How to use the Boost compiled libraries in Windows

TweetAs stated on the Getting Started for Windows page, most Boost libraries are header-based that require no no separate building. But there exist some Boost libraries that require a separate compilation in order to use them. This page essentially reiterates what is already explained in section 5.2.1 of the Getting Started page, but with …

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Using Boost regular expressions as word finders

TweetA sample demonstration of using the Boost libraries as a means of finding matching words in a large array table, that match the given lookup criteria. Suppose you are wrestling with a cryptic crossword and want to find all seven-letter words whose third letter is ‘Y’ and fifth letter is ‘N’, or better still, run …

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Using BoostPro to install Boost library packages

TweetUPDATE 15 February 2014: BoostPro is no more. You may find this alternative post useful in setting up the Boost libraries that require separate compilation. A number of Windows-based Boost libraries are not “header-only” and require that you must get them compiled. One way is to compile them yourself. A possibly easier way is to …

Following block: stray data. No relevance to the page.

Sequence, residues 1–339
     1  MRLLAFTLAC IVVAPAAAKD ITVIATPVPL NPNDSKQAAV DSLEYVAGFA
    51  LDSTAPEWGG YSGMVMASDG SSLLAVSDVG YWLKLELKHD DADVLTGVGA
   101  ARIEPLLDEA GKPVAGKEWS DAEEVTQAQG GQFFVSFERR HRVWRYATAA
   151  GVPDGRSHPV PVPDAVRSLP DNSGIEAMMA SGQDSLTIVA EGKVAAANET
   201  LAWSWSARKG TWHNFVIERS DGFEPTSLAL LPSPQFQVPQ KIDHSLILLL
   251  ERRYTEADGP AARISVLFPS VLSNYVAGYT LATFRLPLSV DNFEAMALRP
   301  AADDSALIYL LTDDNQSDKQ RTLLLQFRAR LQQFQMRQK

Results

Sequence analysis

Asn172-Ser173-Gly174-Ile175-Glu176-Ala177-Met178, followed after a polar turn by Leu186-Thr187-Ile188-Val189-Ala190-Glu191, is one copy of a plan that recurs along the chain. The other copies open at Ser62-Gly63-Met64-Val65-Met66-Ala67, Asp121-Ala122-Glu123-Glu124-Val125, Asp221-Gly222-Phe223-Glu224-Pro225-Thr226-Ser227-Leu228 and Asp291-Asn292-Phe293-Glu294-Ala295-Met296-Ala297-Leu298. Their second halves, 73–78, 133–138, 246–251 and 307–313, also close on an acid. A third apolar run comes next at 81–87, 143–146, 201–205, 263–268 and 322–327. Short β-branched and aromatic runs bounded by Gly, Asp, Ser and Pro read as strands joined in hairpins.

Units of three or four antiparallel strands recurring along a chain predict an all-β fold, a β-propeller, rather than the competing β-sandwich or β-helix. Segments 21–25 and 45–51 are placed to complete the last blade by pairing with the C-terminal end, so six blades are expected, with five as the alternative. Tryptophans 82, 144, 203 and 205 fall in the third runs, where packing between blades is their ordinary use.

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Using boost::bind as an improved means of calling member functions

TweetThis post takes a look at using boost::bind as a means of calling class member functions in an efficient and generic way. It basically summarizes what has already been said at Björn Karlsson’s excellent Informit article. Since I found the post useful, I thought it worth reproducing here, using the same status class but containing …

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Avoiding Memory Leaks using Boost Libraries

TweetUsing boost::scoped_array When we want to dynamically allocate an array of objects for some purpose, the C++ programming language offers us the new and delete operators that are intended to replace the traditional malloc() and free() subroutines that are part of the standard library :